Bloodborne is a fantastic game any way you slice it. If you can deal with the odd ragequit, Bloodborne should be on any PS4 owner's must play list.

Wyatt Hnatiw

Staff Writer

Wyatt Hnatiw is a lifelong gamer with a borderline inappropriate love of BioWare RPGs and Bioshock. Maybe he just loves the prefix Bio...

  • Sinikal

    Maybe its just me, but all these talk about From Software’s Demon Souls, Dark Souls I/II and Bloodborne being difficult, and using that as a selling point, does not resonate well with me.

    While I do agree that they’re great games, but the amount of ‘THIS GAME IS SO HARD YET SO GOOD’ is unexpected. I feel that its difficulty was unnecessarily hyped. In fact, having played DSI/II, I was disappointed considering all that talk about difficulty. The game felt… normal. It was good, not perfect, but nothing special.

    Eh, maybe its just my upbringing. Having played Megaman X during the Gameboy colour years to STALKER: Shadow of Chernobyl on Master difficulty, maybe I’m not spoiled enough yet to appreciate what makes From’s games so special (read: “difficult”).

    *Just wanna add that the world of Bloodborne feels too monotone for my taste. Not as bad as Skyrim, but it needs a bit of a colour boost.

    *Also wanna add that I’ve spent a significant part of my ‘gaming’ time playing simulations like FIA GTR2 and IL-2 Sturmovik 1946. If you think Bloodborne is difficult enough to destroy marriages, try committing ONE HOUR of piloting an A6M5, staying in formation with your leader, navigate through low-visibility weather, commit a ground assault to Pearl Harbour, survive, navigate back to your aircraft carrier, and finally attempt to land safely on said aircraft-carrier. All of this for one hour, but then you failed on the last part about landing safely.

  • Garbagio Dumpsterino

    I wish you wouldn’t use numbered scores, but this was a really well-written review and it explores what I feel should be relevant while being humorous. 9/10

  • Garbagio Dumpsterino

    I’m in the same boat, but I’ve grown soft along with games. This and others like Super Meat Boy do bring about a nostalgic feeling of challenge.

  • Wyatt Hnatiw

    I hear ya. I’d say the “its so punishing, its a true test of being a gamer, heres how many deaths there are worldwide” is mostly just a sort of memetic marketing.

    Bloodborne is quite hard, but the difficulty isn’t the reason its good. I’d say I knew it was great because when I finished it, I started to read theories about the story, I realized that I had missed huge chunks of content, and that I wanted to play through it again to experience that rather than read about it. In a game this tough that was a big moment for me.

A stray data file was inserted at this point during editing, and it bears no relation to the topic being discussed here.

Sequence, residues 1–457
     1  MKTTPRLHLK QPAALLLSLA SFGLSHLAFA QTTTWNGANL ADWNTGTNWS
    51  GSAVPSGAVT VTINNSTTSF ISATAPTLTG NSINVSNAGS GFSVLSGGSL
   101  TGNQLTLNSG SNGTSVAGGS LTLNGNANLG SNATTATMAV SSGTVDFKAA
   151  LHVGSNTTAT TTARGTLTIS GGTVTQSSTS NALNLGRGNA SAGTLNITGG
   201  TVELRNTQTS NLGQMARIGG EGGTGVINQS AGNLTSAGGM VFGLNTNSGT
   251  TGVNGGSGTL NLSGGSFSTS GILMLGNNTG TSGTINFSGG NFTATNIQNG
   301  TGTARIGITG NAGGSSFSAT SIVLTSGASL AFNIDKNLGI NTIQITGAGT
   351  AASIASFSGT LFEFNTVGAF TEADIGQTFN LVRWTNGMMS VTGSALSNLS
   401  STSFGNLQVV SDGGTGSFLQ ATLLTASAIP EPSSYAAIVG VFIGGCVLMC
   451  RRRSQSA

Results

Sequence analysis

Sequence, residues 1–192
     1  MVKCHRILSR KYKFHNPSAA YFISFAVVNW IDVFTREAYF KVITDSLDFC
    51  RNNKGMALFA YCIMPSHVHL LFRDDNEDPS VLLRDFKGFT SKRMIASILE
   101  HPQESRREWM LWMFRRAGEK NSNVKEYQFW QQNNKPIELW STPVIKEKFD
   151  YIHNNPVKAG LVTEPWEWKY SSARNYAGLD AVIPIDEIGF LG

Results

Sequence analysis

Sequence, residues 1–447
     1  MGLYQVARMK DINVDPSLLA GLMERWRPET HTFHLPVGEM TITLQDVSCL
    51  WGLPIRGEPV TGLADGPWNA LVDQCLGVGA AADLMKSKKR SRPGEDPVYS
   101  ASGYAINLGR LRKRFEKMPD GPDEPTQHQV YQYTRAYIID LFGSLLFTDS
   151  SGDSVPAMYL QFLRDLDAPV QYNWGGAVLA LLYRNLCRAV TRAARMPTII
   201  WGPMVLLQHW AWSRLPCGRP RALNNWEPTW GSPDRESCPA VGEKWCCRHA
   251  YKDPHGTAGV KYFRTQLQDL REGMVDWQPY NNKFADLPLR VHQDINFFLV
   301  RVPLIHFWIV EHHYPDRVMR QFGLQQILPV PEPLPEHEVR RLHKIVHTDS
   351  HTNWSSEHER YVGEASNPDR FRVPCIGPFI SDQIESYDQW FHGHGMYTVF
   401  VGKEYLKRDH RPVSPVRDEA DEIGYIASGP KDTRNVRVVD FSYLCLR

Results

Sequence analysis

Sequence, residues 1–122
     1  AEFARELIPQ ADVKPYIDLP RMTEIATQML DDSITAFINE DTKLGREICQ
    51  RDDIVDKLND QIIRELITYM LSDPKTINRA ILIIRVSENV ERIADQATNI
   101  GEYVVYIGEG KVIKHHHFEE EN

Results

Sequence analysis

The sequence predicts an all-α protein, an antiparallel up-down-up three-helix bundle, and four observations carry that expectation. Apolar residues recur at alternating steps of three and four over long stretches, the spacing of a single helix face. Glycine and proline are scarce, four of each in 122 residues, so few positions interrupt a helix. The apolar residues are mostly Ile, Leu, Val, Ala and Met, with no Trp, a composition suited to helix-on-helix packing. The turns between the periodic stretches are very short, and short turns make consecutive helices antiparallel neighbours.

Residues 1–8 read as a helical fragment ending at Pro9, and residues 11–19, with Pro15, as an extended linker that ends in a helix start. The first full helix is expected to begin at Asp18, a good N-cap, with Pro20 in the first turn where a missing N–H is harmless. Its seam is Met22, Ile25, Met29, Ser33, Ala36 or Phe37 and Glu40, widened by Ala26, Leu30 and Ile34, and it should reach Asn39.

• Raziel Barkrai

    Yeah, as much as I like Dark Souls, I didn’t like that the main selling point was that it was difficult. It feels like after its success people started calling their games “the Dark Souls of (insert game genre here)” because they deliberately made it hard, or making comparisons to other games to Dark Souls because they both somehow have similar mechanics or something (usually phrased as “it’s like Dark Souls BUT”). I think people are confusing the series’ difficulty with the developers expecting the players to be able to figure things out for themselves and adapt to different situations.

  • Some people have a difficult time (but not as difficult as Dark Souls, amirite?!) articulating why they like the series without reverting to what sounds like a cross between marketing jargon and a meme. No biggie though.

  • Top draw stuff, I’m gutted it isn’t out for PC!

  • coboney

    I think some of it has to do with the amount of handholding a lot of games do these days and Dark Souls tends to be more hands off – it provides you the basic tools introducution and lets you find your way from there mostly. It allows the game to use subtlety in many ways – in area design by not making maps and such they can make things very connected or have different paths around, in story because they aren’t forcefeeding it in cutscenes – instead in exploration and scenery much of the time.

    While the gloves off approach applies to combat and difficulty – where it can be challenging – it also applies to so much more in it.

  • Wyatt Hnatiw

    Yeah thats a tough one, Sony co-developed it with From Software, so a PC version is a bit more of a longshot than it would have been in the past.

    I talked about this a bit in this editorial:, there is a “give us a PC port” petition out there and those petitions have worked on From Software in the past but the issue this time is that that petition sounds like it was written by a child and a PC port would require Sony to sign off on it.

    Never say never though my pc master race friends!

  • Just shy of 40,000 signatures now. 40,000 wallets, crying out for Bloodborne!

  • SevTheBear

    Thank you for the review. Have played Demon and the Dark Souls games I sure will this one to.

  • Sinikal

    The Emperor wants Bloodborne. None can deny his will.

  • Crizzyeyes

    From actually intends for players to talk about the game outside of playing the game. The unintuitive-ness is intentional because they expect you to communicate with other people about the game. Whether this is good or bad is your call, but that was the intention, from what I understand. Messages are only one part of that.

  • Adam Astles

    We got a badass here!

  • Adam Astles

    It will come out, right after the PC release of Demon’s Souls.